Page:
IHC briefed on relief measures taken by SBP

Updated 18 Apr 2020

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The case has been instituted on an application filed by a citizen. — APP/File
The case has been instituted on an application filed by a citizen. — APP/File

ISLAMABAD: The finance ministry informed the Islamabad High Court (IHC) on Friday that the State Bank of Pakistan (SBP) had deferred repayment of principal amount of small and domestic loans for a year and subsidised payroll loan.

The finance ministry, in its written reply submitted to the IHC in a public interest litigation related to repayment of small and domestic loans, said that the relief measures taken by the SBP included reduction in the policy rate, deferment of repayment of principal amount of small loans for one year and five per cent subsidy on payroll loan for three months.

The case has been instituted on an application filed by a citizen, Rafiqur Rehman, who is facing hardship in repayment of instalments of Rs75,000 loan he has obtained from the Rural Support Programmes Network (RSPN), a microfinance entity.

The court has converted his handwritten application, seeking deferment of repayment of small loans of microfinance entities till the lockdown ends, into a petition.

The applicant adopted before the court that he was among numerous people who had obtained small domestic loans from the RSPN, non-governmental organisations and microfinance banks.

Under the prevalent situation in the country caused by the lockdown imposed due to Covid-19 pandemic, he said, a majority of the borrowers could not pay instalments of the loans and were being harassed by the officials of the RSPN, NGOs and banks.

IHC Chief Justice Athar Minallah, during the previous hearing, appointed senior lawyers Umer Ijaz Gillani and Haseeb Mohammad as amici curiae to assist the court.

Mr Gillani in his report told the court that according to the latest estimations, over 7.1 million families in Pakistan were receiving microfinance services. The overall volume of the loan portfolio is around Rs392 billion. Some of the largest recipients of microfinance services are small farmers who use it as bridge finance.

The report stated that microfinance institutions in Pakistan were a relatively recent phenomenon. For a long period of our national history, the poor people have remained outside the formal banking system.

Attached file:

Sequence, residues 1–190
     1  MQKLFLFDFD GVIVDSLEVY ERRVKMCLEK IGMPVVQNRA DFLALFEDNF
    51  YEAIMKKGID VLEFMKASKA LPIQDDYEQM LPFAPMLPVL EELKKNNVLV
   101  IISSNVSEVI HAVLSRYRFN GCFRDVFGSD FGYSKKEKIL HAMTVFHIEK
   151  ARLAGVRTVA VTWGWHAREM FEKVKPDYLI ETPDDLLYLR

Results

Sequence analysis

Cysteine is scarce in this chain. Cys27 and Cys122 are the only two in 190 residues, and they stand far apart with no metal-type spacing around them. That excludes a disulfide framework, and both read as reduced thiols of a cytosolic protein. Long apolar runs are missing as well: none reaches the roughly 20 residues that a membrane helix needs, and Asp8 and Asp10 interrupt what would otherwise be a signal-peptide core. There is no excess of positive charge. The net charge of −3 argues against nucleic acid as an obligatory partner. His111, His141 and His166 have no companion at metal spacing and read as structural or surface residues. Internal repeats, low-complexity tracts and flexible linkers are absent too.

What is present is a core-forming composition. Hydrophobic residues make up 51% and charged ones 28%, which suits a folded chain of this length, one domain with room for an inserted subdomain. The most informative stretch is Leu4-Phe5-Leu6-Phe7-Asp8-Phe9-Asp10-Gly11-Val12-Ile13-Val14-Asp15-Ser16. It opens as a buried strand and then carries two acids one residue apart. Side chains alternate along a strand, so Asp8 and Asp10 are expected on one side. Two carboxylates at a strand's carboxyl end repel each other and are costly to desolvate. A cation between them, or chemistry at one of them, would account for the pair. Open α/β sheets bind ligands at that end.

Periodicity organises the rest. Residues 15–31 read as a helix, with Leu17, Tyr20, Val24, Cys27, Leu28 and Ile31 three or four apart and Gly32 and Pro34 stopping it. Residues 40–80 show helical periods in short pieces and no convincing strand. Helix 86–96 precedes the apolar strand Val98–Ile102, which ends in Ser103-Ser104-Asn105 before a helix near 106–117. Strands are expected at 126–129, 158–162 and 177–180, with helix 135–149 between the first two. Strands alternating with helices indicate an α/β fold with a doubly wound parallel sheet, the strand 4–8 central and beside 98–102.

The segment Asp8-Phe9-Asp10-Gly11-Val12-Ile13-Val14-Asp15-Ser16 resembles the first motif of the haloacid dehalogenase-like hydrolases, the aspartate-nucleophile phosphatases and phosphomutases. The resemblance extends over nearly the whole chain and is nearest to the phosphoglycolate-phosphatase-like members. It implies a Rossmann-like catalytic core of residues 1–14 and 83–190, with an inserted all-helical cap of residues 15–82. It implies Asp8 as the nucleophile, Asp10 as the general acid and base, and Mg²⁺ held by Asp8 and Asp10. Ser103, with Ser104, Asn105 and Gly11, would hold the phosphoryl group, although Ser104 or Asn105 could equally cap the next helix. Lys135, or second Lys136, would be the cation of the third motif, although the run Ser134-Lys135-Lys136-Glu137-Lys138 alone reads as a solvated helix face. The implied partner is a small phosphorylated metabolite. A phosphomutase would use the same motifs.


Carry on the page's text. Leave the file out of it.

The circulars already issued by the SBP and the Securities and Exchange Commi­ssion of Pakistan (SECP) were quite sufficient to address the issues raised in the petition, the report said. In principle, as soon as the regulatory circulars were issued, the RSNP should have informed its customers about the availability of a rescheduling or restructuring facility. If this had been done, chances were that the present incident where the microfinance institution (MFI) was trying to recover its money during the Covid 19 emergency would never have happened, it added.

Since the existing circulars adequately addressed the situation, the petition could be converted into a representation to the MFI concerned which, in turn, would be bound to decide it within 15 days, the report said.

“While it is likely that the MFI concerned would reschedule the petitioner’s debt, it is important to remember that this decision can be made only by the MFI itself. Nobody else can exercise that authority. The regulator can only make policies regarding MFIs where the courts can only judge whether the policy is being applied evenly. Also, in case an MFI commits an illegality in enforcing the regulatory directive, the forum of first resort should be the regulator itself; only if both the MFI and the regulator fail in their duty to help out borrowers, should recourse be made to the extraordinary remedy of the judicial review,” the report concluded.

The RSPN’s lawyer told the court that as per the government policy, the institution had informed some 650,000 borrowers that the repayment of loans had been deferred.

The court adjourned the case for further arguments till April 24.

Meanwhile, the SBP has announced on its official Twitter account that borrowers availing consumer finance for auto, housing and personal loans and credit cards, who were regular in their payments up till Dec 31, 2019, could request banks to defer payment of principal amount for one year without fee or increase in mark-up. However, it said that they would continue to service the mark-up amount.

Published in Dawn, April 18th, 2020